As leaders, we want our teams to be tip-top with skill sets and mindsets. That requires an investment, at least of time. In some cases, money. And yet it really does not require a lot.
Years ago, when I worked for a Financial Services firm, we all had to invest in ongoing training. It would be reading a book and delivering a report on the learning. It could be a trip back to headquarters to take part in a class on selling skills or presentation skills. In yet other cases, it would be structured peer-to-peer learning.
There are several benefits to this:
- The team develops a shared language around their common experience.
- The team is more engaged, as you have made an investment in them.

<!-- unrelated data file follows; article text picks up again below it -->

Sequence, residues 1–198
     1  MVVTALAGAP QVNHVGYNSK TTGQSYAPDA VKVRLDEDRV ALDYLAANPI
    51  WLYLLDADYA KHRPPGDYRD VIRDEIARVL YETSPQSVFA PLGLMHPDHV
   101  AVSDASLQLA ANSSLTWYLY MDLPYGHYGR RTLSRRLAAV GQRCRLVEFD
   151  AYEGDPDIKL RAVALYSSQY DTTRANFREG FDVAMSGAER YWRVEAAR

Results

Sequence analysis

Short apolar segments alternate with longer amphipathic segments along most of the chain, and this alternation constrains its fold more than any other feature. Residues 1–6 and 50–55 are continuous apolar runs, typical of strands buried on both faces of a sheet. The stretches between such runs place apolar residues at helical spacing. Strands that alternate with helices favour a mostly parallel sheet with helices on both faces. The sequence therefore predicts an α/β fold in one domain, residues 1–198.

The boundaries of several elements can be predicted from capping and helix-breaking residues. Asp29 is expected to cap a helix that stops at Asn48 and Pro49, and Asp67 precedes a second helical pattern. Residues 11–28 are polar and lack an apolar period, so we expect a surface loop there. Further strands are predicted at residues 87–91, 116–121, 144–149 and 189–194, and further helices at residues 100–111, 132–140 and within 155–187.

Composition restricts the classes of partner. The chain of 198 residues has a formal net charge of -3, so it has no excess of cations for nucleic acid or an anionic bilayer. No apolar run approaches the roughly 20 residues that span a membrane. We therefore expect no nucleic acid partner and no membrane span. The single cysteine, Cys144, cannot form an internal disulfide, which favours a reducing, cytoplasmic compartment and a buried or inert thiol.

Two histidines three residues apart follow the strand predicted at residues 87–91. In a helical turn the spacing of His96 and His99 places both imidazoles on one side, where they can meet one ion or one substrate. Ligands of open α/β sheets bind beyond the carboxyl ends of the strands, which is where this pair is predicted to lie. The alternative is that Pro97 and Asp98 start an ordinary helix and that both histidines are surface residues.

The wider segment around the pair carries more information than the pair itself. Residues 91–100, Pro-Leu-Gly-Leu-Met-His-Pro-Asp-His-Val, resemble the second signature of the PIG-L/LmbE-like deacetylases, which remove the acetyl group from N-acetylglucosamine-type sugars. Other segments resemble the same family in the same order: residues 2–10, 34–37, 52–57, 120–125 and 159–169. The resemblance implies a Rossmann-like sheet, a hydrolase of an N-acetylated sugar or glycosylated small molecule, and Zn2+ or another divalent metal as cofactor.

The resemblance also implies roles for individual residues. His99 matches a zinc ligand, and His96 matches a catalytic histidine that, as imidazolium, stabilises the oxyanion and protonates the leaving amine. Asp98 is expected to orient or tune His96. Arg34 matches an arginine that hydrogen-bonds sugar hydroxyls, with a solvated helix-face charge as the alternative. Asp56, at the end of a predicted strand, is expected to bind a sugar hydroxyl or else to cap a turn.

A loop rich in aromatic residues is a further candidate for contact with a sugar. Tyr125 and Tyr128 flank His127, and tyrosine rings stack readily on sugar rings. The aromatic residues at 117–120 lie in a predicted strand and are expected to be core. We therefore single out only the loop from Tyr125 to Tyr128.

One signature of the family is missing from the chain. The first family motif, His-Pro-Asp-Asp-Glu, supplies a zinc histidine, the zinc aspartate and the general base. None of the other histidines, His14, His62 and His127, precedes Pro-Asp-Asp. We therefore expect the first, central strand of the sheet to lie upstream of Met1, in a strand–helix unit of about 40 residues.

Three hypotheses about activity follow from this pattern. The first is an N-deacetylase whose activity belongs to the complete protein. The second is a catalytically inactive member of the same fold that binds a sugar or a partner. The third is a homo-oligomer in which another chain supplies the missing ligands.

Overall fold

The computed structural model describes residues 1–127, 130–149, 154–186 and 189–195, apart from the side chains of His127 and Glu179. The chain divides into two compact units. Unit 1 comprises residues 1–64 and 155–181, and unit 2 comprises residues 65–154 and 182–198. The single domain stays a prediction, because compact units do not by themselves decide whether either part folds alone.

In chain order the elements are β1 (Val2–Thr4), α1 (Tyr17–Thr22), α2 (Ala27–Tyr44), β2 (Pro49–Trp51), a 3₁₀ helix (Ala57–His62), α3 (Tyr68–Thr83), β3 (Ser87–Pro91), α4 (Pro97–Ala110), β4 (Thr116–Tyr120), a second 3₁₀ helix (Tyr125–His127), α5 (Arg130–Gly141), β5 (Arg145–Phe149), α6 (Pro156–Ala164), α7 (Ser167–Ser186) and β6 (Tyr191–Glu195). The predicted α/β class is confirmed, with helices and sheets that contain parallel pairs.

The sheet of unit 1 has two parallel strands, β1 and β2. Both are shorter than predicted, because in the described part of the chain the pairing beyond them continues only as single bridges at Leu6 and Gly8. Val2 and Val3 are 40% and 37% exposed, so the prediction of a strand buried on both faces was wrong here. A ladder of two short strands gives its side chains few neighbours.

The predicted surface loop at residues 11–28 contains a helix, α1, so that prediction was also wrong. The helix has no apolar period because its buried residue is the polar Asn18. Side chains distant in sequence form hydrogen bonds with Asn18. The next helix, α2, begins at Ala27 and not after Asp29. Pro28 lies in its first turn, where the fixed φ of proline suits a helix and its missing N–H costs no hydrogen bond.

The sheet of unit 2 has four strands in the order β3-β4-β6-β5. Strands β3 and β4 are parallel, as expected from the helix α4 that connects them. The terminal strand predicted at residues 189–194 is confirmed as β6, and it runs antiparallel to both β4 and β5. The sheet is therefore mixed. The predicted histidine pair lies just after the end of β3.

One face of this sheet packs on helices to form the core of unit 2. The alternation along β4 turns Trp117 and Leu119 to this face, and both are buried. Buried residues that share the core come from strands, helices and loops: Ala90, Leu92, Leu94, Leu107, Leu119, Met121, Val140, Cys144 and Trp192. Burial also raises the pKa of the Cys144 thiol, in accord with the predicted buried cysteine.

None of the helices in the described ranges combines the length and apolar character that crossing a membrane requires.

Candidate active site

- Because the team is engaged, your organization is more profitable and productive.
Part of the reason for training is not only skill development (though that is important), it also develops a common language. For example, teams that have
taken part in any of the Crucial Conversations™ trainings know that when someone speaks of “saluting the flag,” they know it is a way to bring conflicted parties together towards a shared mutual interest. Or, those that have taken Miller Heiman’s Strategic Selling™, know what a Red Flag is when speaking about an account.
One recent study suggests that offering career training and development would keep 86% of millennials from leaving their current position. When you offer your people training you accomplish three things:
- You send the message that “You are valuable to us.”
- By making an investment in them, you are demonstrating loyalty.
- And you are tapping into their intrinsic motivation to gain mastery in their job.
All of this leads to greater engagement, profitability, and productivity. The data shows that engaged teams are more productive and more profitable.
When you can foster the culture learning and development that improves skill sets and mindsets, your teams become high performing teams.